15EU Membership Conditions (c) The accession processThe entry negotiations are carried out between each candidate country and the European Commission which represents the EU. Once these are concluded, the decision to allow a new country to join the EU must be taken unanimously by the existing member states meeting in the Council. The European Parliament must give its assent through a positive vote by an absolute majority of its members. All accession treaties must then be ratified by the member states and the candidate countries in accordance with each country’s own constitutional procedures.During the years of negotiation, candidate countries receive EU aid so as to make it easier for them to catch up economically. For the enlargement of the 10 countries in 2004, this involved a package of €41 billion aimed mainly at funding structural projects to allow the newcomers to fulfil the obligations of membership.
16The European Union: 493 million people – 27 countries Member states of the European UnionCandidate countries
18EU population in the world Population in millions, 20071322497301128142EUChinaJapanRussiaUnited States
19The area of the EU compared to the rest of the world Surface area, km²16 889932791594234365EUChinaJapanRussiaUnited States
20How rich is the EU compared to the rest of the world? 37 30010 79327 80010 03524 700367610 0006 4001 326468EUChinaJapanRussiaUnited StatesEUChinaJapanRussiaUnited StatesSize of economy: Gross Domestic Product inbillion of euros, 2006Wealth per person: Gross Domestic Productper person in Purchasing Power Standard, 2007
21Types of fuel used for making energy in the 27 EU countries, 2005 Energy sources in a changing worldTypes of fuel used for making energy in the 27 EU countries, 2005Import dependency: share of fuel imported from outside the EU-countries, 2005100%82%Gas35%Oil37%57%50%39%Nuclear14%Coal18%Renewables7%0%CoalOilGasNuclear(uranium)RenewablesAll types of fuel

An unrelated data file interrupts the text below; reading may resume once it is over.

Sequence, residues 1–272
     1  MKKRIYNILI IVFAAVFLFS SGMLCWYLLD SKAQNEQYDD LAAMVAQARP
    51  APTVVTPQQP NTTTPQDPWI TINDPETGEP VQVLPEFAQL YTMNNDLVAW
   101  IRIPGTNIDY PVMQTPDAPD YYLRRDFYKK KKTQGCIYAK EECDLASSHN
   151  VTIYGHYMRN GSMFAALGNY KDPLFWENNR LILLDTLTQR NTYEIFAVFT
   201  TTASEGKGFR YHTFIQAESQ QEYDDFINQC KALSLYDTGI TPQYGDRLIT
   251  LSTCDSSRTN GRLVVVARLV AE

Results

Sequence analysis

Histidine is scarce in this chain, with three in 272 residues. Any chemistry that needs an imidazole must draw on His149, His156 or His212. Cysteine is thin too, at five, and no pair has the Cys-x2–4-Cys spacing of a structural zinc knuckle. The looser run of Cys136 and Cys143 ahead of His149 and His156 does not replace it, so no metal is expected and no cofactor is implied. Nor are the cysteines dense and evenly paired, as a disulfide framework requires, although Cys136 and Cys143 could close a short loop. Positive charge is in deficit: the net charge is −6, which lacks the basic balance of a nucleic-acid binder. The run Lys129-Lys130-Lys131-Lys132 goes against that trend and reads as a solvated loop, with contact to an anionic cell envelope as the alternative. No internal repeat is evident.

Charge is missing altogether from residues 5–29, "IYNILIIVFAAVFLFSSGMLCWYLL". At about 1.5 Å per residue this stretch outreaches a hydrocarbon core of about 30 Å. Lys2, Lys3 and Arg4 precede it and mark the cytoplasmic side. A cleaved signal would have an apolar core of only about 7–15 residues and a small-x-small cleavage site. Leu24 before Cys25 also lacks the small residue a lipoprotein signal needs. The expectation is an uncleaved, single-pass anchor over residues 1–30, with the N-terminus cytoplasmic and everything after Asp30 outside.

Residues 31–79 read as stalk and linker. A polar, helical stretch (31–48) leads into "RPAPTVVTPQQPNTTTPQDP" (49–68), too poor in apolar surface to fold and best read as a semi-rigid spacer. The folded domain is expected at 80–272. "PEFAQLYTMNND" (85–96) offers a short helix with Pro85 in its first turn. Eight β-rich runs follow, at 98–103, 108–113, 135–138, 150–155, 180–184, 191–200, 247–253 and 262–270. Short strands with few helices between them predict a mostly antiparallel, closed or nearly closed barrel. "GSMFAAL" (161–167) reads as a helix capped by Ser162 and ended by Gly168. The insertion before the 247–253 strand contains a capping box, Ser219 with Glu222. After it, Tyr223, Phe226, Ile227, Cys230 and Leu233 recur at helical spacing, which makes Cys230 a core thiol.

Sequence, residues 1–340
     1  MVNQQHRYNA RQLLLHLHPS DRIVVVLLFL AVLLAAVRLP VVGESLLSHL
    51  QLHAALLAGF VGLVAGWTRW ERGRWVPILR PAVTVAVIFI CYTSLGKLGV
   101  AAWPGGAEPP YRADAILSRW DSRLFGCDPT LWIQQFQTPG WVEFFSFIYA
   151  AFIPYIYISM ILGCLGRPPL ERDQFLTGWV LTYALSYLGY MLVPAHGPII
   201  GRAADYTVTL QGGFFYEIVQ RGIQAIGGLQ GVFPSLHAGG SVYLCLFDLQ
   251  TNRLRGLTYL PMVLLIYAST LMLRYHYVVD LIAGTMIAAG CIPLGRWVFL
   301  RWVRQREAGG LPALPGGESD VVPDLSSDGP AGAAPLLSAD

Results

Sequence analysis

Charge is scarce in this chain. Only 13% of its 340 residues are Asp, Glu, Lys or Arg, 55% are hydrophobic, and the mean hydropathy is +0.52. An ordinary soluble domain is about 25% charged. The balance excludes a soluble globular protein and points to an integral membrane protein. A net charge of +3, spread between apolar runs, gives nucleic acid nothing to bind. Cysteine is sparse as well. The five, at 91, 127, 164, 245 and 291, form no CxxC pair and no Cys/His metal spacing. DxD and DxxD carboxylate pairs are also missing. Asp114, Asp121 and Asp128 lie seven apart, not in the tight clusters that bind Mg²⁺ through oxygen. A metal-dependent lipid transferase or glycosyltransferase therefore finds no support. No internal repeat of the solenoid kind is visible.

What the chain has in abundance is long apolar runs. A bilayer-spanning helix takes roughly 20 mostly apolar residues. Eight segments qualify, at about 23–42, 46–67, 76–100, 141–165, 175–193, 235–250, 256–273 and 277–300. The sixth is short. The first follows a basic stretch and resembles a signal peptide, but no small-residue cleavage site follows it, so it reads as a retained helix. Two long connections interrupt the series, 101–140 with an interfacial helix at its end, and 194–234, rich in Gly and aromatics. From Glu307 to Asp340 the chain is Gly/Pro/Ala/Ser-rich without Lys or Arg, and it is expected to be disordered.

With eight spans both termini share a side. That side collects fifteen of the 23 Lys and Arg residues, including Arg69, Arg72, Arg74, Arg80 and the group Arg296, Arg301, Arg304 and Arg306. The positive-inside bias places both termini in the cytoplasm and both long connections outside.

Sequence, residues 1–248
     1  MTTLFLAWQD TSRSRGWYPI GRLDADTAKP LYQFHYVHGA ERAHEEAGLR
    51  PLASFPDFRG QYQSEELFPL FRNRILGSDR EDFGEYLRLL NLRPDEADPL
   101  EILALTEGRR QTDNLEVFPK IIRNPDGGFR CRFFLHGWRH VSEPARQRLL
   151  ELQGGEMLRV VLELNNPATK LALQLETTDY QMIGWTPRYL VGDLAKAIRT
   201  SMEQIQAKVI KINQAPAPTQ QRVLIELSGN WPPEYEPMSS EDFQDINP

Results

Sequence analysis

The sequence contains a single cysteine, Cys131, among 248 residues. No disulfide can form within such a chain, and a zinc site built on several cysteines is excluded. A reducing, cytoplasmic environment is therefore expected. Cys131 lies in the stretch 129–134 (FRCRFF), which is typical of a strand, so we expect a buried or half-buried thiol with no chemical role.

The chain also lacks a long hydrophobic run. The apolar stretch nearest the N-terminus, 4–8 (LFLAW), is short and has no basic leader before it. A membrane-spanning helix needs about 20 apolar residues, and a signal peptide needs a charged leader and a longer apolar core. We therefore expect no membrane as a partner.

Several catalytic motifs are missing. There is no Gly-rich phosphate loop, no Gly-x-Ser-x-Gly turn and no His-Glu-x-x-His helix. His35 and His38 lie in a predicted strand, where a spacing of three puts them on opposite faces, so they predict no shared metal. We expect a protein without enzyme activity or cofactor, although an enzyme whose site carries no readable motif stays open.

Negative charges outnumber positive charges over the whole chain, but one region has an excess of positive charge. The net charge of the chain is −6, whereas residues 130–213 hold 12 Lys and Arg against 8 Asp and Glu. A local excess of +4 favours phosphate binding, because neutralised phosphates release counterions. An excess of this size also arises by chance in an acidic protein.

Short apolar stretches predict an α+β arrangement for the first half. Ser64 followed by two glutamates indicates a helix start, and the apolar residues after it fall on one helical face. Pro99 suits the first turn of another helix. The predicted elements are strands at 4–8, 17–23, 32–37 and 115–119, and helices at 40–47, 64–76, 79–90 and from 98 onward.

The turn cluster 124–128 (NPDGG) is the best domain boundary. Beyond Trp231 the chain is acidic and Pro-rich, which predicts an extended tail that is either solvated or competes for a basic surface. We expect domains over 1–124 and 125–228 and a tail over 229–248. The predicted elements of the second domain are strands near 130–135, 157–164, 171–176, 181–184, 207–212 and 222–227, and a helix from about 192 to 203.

22The EU – a major trading power Share of world trade in goods (2006)Share of world trade in services (2005)EU17.1%EU26%Others44.9%Others50.5%United States16%Japan6.6%United States18.4%China9.6%China3.8%Japan6.9%
23The euro – a single currency for Europeans Can be used everywhere in the euro area4Coins: one side with national symbols, one side common4Notes: no national sideEU countries using the euro EU countries not using the euro
24The European Union Other Issues Problems of Expansion Relatively lower income countriesHigher dependence on agricultureNew democraciesFinancial pressure on structural assistance fund and Common Agricultural PolicyGovernanceOther IssuesChallenge to companies: Establish a regional strategy before different national strategies
27US Free Trade Agreements The United States has free trade agreements in force with 17 countries. These are:AustraliaBahrainCanadaChileCosta RicaDominican RepublicEl SalvadorGuatemalaHondurasIsraelJordanMexicoMoroccoNicaraguaOmanPeruSingaporeThe United States has signed free trade agreements with Colombia, Korea, and Panama, but Congress must enact legislation to approve and implement each individual agreement in order for them to go into effect.The United States is also in nenegotiations of a regional, Asia-Pacific trade agreement, known as the Trans-Pacific Partnership (TPP) Agreement with the objective of shaping a high-standard, broad-based regional pact.
29NAFTA (JULY 2009 Est.) $38,400 $13,200 $46,400 $1.319 trillion CIA FACT Book https://www.cia.gov/library/publications/the-world-factbook/region/region_noa.htmlPopulationGDPGDP/CapitaCANADA33,487,208$1.319 trillion$38,400MEXICO111,211,789$866.3 billion$13,200UNITED STATES307,212,123$14.27 trillion$46,400
30Trade US- Canada-Mexico Canada’s exports to its NAFTA partners increased by 173 percent in value from pre-NAFTA levels. Exports to the United States grew from USD116.8 billion to USD316.8 billion, while exports to Mexico reached USD3.9 billion.U.S. exports to Mexico and Canada grew by 157 percent, from USD billion (USD 41.6 billion to Mexico and USD billion to Canada) to USD billion (USD and USD billion, respectively).Mexican exports to the U.S. grew by 392 percent, reaching USD212.3 billion. Exports to Canada also grew substantially from USD1.5 to USD5.2 billion, an increase of almost 237 percent.
31January 1, 2008 represents an important milestone in the trade and economic relationship between our three countries. On that day, the last scheduled NAFTA tariffs and quotas will be eliminated and North America will be joined in free trade.